|'Marulanda Lives,' says the sign. (Photo: Informe.net.ve)|
|A man passes a mural of Marulanda |
in Caracas. (Photo: Informe.net)
Interestingly, the commemoration coincides with the arrest the other day by Venezuelan police of another one of the FARC's founders, William Alberto Chitiva, in a safe house near Caracas. Chitiva was only a child when he joined Marulanda's rebel group. Back then, the guerrillas still seemed heroic and idealistic in their struggle for the rights of landless peasants. Today, while Colombia still has big problems, it has an open democracy in which leftists have gained power via the ballot box. Chitiva's arrest seems to indicate that the Venezuelan government has abandonded its past support for the FARC - whether out of a change of heart or pragmatism.
Armed struggle has become anarchistic, not to mention futile.
|This cartoon in El Tiempo says that |
Marulanda got his homage in hell.
Also, yesterday a bomb went off in an apartment in Suba, in northwest Bogotá, killing three university students and injuring others who were apparently assembling explosives. Police also reported finding pro-guerrilla material in the apartment. This follows two weeks of deadly attacks between the military and the FARC guerrillas, which left some 11 soldiers and close to 70 guerrillas dead.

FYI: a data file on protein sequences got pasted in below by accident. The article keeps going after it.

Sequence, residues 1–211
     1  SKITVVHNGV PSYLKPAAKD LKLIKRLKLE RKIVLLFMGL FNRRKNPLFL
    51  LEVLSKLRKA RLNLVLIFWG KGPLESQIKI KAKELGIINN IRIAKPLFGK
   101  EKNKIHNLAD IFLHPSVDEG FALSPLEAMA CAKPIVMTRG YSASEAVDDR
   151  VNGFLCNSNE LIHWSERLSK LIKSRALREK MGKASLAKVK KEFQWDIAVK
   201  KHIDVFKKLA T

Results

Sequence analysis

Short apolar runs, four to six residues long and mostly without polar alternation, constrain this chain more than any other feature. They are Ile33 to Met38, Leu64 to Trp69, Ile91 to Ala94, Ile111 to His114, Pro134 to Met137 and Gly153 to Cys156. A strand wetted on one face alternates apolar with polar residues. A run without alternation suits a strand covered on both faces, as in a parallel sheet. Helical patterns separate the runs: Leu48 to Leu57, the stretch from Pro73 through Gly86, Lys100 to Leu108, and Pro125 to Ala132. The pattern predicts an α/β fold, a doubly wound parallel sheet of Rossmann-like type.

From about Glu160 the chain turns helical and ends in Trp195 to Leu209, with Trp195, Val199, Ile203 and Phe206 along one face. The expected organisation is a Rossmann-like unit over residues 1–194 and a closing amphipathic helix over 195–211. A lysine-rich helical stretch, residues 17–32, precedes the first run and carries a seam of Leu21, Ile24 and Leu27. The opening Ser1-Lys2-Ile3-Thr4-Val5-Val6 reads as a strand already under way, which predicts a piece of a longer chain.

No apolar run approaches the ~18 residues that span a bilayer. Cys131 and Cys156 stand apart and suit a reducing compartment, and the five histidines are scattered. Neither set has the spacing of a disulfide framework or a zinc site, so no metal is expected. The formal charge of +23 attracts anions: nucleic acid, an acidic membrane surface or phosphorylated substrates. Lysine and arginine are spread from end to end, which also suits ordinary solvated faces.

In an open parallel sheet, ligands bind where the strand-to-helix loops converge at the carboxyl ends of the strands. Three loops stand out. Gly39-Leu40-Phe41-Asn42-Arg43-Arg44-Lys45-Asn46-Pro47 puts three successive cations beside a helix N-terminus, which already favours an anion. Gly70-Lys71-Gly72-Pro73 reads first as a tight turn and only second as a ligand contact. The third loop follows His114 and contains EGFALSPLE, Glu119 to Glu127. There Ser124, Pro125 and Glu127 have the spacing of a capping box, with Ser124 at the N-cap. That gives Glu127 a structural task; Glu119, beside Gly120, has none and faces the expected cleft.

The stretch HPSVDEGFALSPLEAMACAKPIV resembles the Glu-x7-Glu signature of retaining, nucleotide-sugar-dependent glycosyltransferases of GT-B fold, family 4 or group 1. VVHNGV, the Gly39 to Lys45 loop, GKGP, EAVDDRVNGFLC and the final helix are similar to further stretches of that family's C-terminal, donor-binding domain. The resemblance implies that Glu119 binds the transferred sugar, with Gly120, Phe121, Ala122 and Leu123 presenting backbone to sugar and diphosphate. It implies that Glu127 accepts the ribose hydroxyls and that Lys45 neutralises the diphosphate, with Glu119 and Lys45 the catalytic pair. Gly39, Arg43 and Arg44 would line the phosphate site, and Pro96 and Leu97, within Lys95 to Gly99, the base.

The dead and injured students were likely idealistic youths who were taken in by the guerrillas' obsolete rhetoric - and who paid the ultimate price. Those soldiers were young men, most likely from poor families, who were fulfilling their mandatory military duty. I've met ex-guerrillas, and most did not join because they'd read Marx or dreamed of a proletariat revolution. Rather, they were poor youths for whom being a guerrilla was a job which kept them fed, gave them a gun and made them feel important. Some young girls join the guerrillas after falling in love with a guerrilla leader. Others join to avenge a relative's killing by the military or a paramilitary group. Yet others are recruited by the guerrillas against their families' will. Once in, they can only leave at the risk of their life.
In short, soldiers and guerrilla fighters have a lot in common - and yet, insanely, these young men are killing each other.
In contrast to the fate of the young people who die victims of the FARC's failed ideology, many FARC leaders have sent their own children to live overseas, often to Europe - where they live comfortably without fear of violent armed groups.
But Marulanda's fans in Caracas, who believe rhetoric rather than evidence, ignore all of this.
Update: El Tiempo reports that eight of the 36 FARC fighters killed the other day were minors, four of them boys and four girls.
By Mike Ceaser, of Bogotá Bike Tours